It’s Mother’s Day 2020. This holiday, first celebrated regionally in 1908 before going nationwide six years later, usually means that children spend the day with their moms.
Such closeness, however, has been happening every day for weeks for many families. Moms and dads and children and sometimes extended family members have hunkered down together at home 24/7 as a COVID-19 precaution.
But it is mom’s special day, so I hope that all y’all came up with some change of pace this second Sunday in May to celebrate all that mothers do and all the extra they’ve taken on during the coronavirus outbreak.
Call and see: Every Mother’s Day, a lot of folks who live far from their mothers reach out via phone.
This year, Smartphones’ Facetime and the perennial Skyping are joined by Zoom, with dispersed siblings holding visual conference calls to collectively express their Mother’s Day wishes.
In that spirit of outreach, I want to spread the Mother’s Day sharing beyond our species. As a long-time birder, I enjoy watching the hatching each year of new avian families.
Sometimes it’s via the nests that birds construct in our backyard plants. But for a wider view, I spend a lot of time at the Cornell University Lab of Ornithology website.
The Lab has a collection of live cameras that capture the nesting and feeding activities, at various times throughout the year, of more than a dozen birds and birding sites.
My favorite right now is the new clutch of owlets. The screenshot below shows the growing fuzzy trio of young barred owls jockeying for space.
Whoa, check out Dave’s stick
You can watch the baby owls and other birds live or select from some recent best-of tapings, like April’s hatching highlights.
More maternal recognition: On this Mother’s Day, these feathered moms are working, taking care of their perpetually hungry young.
That’s the case, too, for many of their human counterparts who also are tending to babies or, because of their financial situations, can’t take a day off even during a public health pandemic.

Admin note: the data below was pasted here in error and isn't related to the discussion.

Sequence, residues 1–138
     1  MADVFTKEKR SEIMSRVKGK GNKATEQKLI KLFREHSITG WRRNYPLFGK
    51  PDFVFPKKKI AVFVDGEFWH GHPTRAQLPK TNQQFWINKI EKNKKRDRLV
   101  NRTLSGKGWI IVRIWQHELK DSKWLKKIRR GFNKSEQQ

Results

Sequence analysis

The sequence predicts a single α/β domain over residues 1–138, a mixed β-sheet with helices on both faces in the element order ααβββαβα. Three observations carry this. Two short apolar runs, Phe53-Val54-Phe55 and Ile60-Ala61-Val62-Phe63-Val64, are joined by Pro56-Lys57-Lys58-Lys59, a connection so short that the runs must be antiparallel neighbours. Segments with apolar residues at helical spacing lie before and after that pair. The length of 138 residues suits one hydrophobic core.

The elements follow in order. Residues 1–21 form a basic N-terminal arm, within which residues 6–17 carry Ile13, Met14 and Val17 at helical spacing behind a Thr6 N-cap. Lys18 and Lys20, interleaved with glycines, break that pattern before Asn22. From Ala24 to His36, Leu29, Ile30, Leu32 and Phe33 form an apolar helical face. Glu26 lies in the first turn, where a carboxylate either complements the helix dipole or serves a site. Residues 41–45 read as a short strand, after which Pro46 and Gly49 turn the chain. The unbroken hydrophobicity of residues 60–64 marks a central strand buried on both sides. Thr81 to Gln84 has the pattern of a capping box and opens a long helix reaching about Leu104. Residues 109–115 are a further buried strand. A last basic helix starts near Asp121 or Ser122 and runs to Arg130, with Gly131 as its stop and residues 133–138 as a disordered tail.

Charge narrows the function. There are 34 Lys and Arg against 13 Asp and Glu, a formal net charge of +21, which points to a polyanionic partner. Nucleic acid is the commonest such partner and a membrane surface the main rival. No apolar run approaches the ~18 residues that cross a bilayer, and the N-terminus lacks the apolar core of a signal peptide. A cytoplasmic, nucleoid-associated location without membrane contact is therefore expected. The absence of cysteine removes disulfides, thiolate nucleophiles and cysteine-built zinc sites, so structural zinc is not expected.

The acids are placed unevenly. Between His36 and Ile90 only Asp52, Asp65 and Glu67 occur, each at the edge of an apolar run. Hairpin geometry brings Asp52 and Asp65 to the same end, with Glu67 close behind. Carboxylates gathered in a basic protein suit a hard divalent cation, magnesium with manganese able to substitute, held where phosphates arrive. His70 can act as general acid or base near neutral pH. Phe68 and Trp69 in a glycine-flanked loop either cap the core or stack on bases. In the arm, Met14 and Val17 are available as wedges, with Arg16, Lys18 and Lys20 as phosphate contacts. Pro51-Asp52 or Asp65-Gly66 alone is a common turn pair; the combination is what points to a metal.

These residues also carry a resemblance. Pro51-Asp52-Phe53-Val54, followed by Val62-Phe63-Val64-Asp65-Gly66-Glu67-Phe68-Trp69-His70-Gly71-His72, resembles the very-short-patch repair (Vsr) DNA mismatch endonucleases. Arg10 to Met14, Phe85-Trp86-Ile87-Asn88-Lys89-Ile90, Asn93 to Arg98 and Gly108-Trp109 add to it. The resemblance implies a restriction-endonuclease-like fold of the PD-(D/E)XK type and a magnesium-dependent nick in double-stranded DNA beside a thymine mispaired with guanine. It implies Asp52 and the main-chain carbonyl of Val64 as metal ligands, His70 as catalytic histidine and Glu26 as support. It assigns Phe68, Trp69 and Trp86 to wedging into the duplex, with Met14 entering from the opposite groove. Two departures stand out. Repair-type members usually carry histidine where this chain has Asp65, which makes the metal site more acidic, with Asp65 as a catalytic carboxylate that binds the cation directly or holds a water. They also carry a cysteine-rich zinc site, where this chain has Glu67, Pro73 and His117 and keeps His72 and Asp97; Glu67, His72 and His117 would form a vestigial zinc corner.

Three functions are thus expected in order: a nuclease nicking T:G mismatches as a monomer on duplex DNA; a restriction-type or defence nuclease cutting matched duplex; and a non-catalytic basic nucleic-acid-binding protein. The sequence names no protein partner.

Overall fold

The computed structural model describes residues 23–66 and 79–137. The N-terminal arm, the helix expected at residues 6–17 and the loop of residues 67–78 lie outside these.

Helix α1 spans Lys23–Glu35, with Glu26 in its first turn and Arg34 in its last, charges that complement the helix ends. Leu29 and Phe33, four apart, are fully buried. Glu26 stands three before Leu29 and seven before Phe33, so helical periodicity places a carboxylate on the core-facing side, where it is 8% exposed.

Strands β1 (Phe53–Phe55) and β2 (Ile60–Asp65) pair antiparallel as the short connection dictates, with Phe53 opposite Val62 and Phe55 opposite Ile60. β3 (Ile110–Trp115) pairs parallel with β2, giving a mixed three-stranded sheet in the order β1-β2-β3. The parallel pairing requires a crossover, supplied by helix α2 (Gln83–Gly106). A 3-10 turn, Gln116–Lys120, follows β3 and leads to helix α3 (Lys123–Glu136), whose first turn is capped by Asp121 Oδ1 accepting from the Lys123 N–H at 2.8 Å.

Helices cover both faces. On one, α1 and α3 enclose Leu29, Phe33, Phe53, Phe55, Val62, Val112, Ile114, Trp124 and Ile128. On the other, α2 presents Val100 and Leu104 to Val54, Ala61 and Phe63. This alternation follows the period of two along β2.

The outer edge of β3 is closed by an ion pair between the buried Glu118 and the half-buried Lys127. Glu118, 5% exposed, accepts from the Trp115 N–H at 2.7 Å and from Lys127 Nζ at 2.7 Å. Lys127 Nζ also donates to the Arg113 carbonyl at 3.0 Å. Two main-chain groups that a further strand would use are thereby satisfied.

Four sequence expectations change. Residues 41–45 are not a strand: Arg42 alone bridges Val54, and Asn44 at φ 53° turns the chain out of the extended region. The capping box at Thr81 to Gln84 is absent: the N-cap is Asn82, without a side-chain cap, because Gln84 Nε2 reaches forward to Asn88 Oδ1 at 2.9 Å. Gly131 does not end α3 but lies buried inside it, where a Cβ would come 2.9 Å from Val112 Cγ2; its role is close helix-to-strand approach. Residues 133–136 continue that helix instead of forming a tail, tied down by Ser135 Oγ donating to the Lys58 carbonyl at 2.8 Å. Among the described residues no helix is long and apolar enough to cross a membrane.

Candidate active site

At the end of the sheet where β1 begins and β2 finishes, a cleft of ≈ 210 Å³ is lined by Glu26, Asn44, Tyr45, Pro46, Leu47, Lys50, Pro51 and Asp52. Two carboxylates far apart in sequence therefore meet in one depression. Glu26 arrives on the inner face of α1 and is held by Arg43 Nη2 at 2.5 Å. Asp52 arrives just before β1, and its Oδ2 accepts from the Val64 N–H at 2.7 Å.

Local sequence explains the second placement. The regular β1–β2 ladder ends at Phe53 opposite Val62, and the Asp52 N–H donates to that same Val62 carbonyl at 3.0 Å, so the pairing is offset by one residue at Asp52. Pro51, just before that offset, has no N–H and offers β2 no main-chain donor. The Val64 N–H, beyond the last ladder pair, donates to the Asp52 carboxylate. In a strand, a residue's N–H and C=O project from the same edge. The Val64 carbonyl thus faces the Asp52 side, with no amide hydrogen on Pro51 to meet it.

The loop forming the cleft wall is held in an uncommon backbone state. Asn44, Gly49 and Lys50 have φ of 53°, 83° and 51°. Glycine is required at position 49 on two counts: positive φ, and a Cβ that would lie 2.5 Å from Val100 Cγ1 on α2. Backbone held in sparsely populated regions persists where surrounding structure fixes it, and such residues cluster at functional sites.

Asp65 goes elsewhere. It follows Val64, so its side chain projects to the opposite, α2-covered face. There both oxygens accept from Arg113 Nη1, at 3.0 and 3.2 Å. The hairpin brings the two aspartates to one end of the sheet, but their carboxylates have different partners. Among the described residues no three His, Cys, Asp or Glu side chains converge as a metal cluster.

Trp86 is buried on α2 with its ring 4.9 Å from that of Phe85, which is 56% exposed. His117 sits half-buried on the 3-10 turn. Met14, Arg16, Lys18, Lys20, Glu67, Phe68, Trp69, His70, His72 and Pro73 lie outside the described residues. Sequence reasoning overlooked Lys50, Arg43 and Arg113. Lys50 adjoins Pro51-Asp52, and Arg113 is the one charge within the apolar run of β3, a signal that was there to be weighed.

These moms deserve special recognition. And while we can’t provide it in person, we can support programs that support them.
Motherly suggests 7 charities that are helping moms.
Classy lists 5 nonprofits by and for mothers.
MyDomaine looks at 8 nonprofits designed to help single parents.
Charity Navigator, itself a 501(c)(3) nonprofit that tracks other charitable organizations, takes a more expansive approach. It suggests honoring your mom, stepmom, grandmother, aunt, friend who’s a surrogate mom or any other the other maternal figures in your life by donating to a nonprofit and cause she cares about in her name.
If, sadly, your mom is no longer with you, the donation can be in her memory.
Charity Navigator has compiled a list of organizations that cover many categories of interest and importance to all the different types of moms. However, it also notes that, “By no means do we think these categories cover all women,” and suggests using its search engine to find a reputable charity that’s special to your mom.
You can share your Mother’s Day inspired philanthropy by leaving a comment here on the ol’ blog. You can share your mom’s favorite cause and how you are recognizing her today by using the social media hashtag #ihonormymother.
Tax breaks for donations: Finally, since this is a tax blog, I’ve got to touch on that component.
I know you’re not giving to a mom-specific or any charity for tax reasons. But if you can get some tax savings from your charitable donation, I’m sure your wise mother would advise you to take it!